Ch Palmer has made very balanced, complex wines. With a less traditional blend, they really delivered on both Alter Ego and the grand vin. Lovely chocolate notes expand to a wonderful finish.
A visit to négociant JP Moueix at 9am on Wednesday morning was a real treat. On the Right Bank lots of work was done in the vineyards to encourage the full maturation of Merlot. Green harvesting and heavy trimming of vine leaves was done to make sure the ripening was accelerated at the end of the season. In general the wines showed a very vibrant freshness. La Fleur, Petrus and Trotanoy showed a very classic style, whilst the Bélair-Monange had great power.
The UGC Pomerol event was a very well attended tasting. The Canon, La Gaffaliere, Clinet, and Le Bon Pasteur stood out as elegant well-made wines. Again these wines have an evident freshness and vibrancy to them.
A visit to Château l’Ã‰vangile was very special indeed. Here is a wine of impeccable balance and serious structure showing the beauty Pomerol has to offer.
La Conseillante was equally impressive. “˜Lush’, “˜velvety’ and “˜opulent’ were the key words here, both for their second wine, DUO, and for the grand vin, which were both wonderful and will surely find their way to the market.
Cheval Blanc, quite simply, was the stuff of legends. Broad, expansive and yet balanced. We were received at the super modern new winery for an extremely impressive tasting. And to top off a great day we got to try the Yquem, which was incredibly fresh, complex, expansive, and mysterious all at once!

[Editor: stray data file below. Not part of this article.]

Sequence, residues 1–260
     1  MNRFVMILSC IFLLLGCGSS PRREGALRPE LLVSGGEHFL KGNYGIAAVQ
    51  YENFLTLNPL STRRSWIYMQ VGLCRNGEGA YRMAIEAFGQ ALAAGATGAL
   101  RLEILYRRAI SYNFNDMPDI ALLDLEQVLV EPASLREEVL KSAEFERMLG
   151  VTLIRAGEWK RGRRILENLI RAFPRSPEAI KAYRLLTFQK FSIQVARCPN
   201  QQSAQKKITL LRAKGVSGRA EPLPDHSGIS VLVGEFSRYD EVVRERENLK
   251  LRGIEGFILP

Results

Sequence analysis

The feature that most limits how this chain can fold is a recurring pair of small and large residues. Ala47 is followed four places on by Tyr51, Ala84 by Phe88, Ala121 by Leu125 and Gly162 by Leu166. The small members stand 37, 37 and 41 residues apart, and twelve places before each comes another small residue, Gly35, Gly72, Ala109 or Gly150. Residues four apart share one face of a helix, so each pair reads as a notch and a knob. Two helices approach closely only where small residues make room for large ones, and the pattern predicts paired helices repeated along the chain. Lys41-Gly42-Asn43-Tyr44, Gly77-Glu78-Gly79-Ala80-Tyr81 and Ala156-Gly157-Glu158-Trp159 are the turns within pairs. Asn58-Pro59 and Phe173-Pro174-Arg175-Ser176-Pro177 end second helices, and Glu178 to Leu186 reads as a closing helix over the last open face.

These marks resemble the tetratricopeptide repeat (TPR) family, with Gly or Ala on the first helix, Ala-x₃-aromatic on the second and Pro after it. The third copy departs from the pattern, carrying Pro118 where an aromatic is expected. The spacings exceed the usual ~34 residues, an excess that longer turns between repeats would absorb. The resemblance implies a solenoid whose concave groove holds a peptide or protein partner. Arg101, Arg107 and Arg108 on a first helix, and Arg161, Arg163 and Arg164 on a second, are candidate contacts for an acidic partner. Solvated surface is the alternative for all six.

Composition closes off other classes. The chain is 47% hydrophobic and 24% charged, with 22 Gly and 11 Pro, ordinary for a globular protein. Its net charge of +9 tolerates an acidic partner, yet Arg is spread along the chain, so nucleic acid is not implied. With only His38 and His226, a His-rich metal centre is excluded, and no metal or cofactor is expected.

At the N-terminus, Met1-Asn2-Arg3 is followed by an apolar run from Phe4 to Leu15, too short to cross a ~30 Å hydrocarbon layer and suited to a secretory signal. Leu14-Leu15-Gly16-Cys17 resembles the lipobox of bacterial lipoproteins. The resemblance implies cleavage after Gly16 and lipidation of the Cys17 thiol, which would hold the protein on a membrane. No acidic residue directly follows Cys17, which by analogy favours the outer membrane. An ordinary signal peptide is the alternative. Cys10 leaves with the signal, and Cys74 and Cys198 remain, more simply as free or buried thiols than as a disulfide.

Saving the best for last, Pavie, Ausone, Le Pin, and Vieux Château Certan for me were the wines that really stood out over the whole trip. Here it became absolutely obvious that 2014 is indeed a vigneron’s vintage. All of these wines, known for their unique terroir, exhibited a certain X factor and, at this stage, already tickle the intellectual curiosity.
To conclude our trip, a visit to Château Haut Brion was a very humbling experience. It’s not every day that one gets to taste such regal wine! I have always had a soft spot for Haut Brion and the wines did show as wonderfully hedonistic, broad, balanced and refined, and are certainly wines to look out for in this vintage. Unfortunately production here was limited, but it should be noted that the Haut Brion Blanc stood out head and shoulders above all the white wines tasted during our trip!
To sum up, these are most definitely wines that are not to be missed for serious wine drinkers, and for collectors, they should prove themselves in the cellar.
A very interesting and delicious vintage indeed!
Floris de Winter – Senior Associate Director of Sales Hong Kong